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02.07.08 Klement, Frank L., The Limits of Dissent: Clement L. Vallandigham and the Civil War, published in 1970.

Notes Concerning the Author

Frank Klement was Professor (and later Professor Emeritus) of History at Marquette University. He was noted for chronicling the histories of antiwar “Copperheads” and their pro-war Republican opponents. In fact, Klement authored four books and thirty essays on related topics. Two of the works are “The Copper-heads in the Midwest” and “Dark Lanterns.” Klement passed away, at the age of eighty-six, on July 29, 1994.

Our Review

Steven K. Rogstod states in the preface to Fordham University Press’ publication of “The Limits of Dissent” that author Frank Klement believed the two most important public figures of the Civil War were Abraham Lincoln and Clement Laird Vallandigham. Although Klement is sometimes implicitly critical of Vallandigham his work is detailed and informative. Readers will realize that many of the divisive issues of the middle 19th century remain unresolved and are essentially the root causes of political discord and divisiveness within contemporary American society.

Clement Vallandigham (July 29, 1820 – June 17, 1871) was a practicing attorney in Dayton, Ohio. After serving a term in the Ohio Legislature, Clement was elected as a Democrat to the U.S. House of Representatives where he served from May 25, 1858, to March 3, 1863. Vallandigham was labeled a “Copperhead” by Republicans and their sympathetic and supportive allies in the media because the popular former Congressman and critic was an outspoken proponent of the rule of law and a defender of the Constitution and liberty. As a result of “treasonable utterance,” as his Congressional biography terms the charges, Vallandigham was targeted by U.S. Army General Ambrose Burnside.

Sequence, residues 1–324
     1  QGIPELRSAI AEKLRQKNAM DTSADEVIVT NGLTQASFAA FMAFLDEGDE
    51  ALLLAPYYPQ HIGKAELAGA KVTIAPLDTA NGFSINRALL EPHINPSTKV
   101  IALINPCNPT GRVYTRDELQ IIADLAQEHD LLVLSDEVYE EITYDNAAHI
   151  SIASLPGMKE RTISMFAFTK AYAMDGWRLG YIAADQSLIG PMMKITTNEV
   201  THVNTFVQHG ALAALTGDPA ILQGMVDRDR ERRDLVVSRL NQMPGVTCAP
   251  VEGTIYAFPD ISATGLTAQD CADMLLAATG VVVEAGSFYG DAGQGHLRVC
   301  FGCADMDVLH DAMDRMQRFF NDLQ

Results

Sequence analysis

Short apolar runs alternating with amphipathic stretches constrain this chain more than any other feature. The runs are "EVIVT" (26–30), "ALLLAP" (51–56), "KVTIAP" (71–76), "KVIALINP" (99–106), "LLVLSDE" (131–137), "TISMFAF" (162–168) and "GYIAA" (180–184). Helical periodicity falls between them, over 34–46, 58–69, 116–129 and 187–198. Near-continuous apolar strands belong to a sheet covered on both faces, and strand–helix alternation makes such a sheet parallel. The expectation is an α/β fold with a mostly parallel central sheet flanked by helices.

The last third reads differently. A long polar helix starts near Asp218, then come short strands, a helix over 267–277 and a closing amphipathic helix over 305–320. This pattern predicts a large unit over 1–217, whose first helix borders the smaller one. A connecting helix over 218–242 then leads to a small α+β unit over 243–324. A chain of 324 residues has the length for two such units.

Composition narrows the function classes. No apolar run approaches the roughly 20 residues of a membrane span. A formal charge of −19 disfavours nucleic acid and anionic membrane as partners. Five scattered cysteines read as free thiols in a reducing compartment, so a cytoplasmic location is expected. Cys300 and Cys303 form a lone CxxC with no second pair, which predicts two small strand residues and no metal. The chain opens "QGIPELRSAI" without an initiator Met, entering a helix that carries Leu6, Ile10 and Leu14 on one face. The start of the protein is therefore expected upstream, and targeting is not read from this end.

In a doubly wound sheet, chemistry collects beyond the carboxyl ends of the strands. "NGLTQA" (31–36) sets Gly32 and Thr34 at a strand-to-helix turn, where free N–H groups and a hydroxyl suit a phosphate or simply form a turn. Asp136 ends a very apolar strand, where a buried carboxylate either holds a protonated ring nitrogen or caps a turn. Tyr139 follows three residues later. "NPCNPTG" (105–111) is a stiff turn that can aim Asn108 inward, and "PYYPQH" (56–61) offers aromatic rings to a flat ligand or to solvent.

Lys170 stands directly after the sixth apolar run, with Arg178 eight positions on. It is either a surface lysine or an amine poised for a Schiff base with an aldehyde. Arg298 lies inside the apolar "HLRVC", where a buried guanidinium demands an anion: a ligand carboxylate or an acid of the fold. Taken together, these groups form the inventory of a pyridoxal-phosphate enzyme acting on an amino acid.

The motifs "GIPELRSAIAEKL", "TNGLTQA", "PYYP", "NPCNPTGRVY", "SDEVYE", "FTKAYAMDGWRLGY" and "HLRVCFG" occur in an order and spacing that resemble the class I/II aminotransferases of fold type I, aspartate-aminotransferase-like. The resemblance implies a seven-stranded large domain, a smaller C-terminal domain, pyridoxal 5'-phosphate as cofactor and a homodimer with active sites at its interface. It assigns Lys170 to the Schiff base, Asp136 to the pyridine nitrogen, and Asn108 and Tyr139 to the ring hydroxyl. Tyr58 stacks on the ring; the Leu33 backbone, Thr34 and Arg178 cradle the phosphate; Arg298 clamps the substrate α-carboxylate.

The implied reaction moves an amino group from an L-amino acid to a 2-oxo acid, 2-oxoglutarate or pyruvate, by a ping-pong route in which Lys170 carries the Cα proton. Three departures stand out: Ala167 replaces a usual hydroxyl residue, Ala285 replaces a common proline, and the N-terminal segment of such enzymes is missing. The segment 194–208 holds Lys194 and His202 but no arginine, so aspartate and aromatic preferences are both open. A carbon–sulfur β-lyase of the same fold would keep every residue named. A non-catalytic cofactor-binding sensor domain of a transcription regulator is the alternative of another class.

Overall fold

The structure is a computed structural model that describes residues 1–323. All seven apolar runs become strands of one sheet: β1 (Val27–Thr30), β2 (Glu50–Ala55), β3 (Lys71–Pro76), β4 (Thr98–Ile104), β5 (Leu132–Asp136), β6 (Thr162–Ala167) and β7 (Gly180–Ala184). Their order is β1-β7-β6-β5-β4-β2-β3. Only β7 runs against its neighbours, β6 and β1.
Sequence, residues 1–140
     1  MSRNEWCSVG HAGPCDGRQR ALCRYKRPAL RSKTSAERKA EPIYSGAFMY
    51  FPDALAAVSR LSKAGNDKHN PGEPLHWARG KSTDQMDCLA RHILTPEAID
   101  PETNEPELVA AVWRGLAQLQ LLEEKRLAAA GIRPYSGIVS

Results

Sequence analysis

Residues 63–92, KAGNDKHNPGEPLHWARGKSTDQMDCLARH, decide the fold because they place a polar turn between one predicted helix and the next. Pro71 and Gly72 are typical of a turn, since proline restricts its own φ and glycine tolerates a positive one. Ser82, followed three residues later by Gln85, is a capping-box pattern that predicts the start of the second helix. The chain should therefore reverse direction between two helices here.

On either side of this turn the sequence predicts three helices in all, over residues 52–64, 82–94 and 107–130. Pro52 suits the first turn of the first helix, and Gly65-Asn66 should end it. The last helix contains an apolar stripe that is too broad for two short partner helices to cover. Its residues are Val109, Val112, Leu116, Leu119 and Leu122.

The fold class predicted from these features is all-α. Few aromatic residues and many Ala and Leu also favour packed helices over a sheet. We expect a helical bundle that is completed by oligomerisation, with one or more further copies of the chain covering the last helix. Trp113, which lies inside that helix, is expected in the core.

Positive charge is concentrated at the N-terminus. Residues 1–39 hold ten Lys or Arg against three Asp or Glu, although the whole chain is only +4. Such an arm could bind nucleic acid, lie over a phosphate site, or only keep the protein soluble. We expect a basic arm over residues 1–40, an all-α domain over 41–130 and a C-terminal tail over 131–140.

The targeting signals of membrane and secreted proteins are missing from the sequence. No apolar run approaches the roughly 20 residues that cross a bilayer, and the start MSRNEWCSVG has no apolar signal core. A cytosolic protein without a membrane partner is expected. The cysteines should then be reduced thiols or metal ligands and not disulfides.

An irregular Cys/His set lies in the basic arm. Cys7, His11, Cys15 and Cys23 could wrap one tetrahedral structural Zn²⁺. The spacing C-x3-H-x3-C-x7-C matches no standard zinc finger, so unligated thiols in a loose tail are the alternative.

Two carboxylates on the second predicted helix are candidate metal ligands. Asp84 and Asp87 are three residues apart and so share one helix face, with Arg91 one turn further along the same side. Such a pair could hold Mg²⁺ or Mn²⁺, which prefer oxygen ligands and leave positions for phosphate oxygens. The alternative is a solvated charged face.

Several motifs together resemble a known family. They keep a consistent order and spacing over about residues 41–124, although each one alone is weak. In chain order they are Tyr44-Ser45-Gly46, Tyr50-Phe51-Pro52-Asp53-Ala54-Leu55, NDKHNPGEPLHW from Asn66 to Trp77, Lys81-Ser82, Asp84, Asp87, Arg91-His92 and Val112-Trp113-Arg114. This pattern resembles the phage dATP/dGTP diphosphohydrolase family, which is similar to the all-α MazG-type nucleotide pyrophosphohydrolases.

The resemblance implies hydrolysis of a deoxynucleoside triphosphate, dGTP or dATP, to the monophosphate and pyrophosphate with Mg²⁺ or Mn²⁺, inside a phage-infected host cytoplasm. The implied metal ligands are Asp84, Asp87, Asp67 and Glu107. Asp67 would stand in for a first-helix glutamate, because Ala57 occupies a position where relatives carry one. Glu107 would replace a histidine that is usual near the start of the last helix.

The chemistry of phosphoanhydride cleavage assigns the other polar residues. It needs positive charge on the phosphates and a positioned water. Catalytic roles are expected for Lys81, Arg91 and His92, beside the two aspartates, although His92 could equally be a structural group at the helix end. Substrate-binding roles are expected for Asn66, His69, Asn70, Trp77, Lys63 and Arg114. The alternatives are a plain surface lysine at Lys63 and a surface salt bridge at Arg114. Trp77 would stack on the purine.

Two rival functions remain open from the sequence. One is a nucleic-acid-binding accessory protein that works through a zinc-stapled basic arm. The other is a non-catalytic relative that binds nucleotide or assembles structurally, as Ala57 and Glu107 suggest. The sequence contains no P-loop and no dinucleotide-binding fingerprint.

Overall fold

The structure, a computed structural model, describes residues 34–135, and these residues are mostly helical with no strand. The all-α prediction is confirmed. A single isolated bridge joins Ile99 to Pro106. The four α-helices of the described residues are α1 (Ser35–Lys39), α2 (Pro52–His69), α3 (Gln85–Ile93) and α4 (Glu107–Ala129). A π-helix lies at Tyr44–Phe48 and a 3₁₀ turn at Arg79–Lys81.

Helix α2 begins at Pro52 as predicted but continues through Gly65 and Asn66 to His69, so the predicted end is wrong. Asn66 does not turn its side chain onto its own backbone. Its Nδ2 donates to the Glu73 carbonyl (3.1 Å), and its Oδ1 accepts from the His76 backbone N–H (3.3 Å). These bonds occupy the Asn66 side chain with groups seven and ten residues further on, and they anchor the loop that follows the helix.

The “Arrest and Trial” chapter is particularly noteworthy. Frank Klement recounts in detail the U.S. Army’s May 5, 1863, raid on Dayton, Ohio. Additionally significant are the ensuing sagas of the Federal troops’ seizure of Clement Vallandigham, the arrest of an opposition newspaper editor, the intimidation of other newspapermen and the imposition of martial law within Montgomery County. Also found in this section are discussions of the de facto suspension of writs of habeas corpus in Ohio and Vallandigham’s trial before a military commission.

Other sections of the book chronicle the exile of Vallandigham, his efforts to seek asylum in Canada, Clement’s eventual return to Ohio, his resumption of public life and the man’s accidental postwar death. A retrospective follows that presents the author’s subjective evaluations and opinions concerning Clement Vallandigham’s psyche, life and legacy. Frank Klement concludes with a biographical essay that cites the primary resources available and utilized during preparation of his manuscript.  

Availablity of this Book

The 1970 University Press of Kentucky edition is no longer widely available. New and used hardcover and paperback printings of Fordham University’s 1998 version are available through Internet retailers.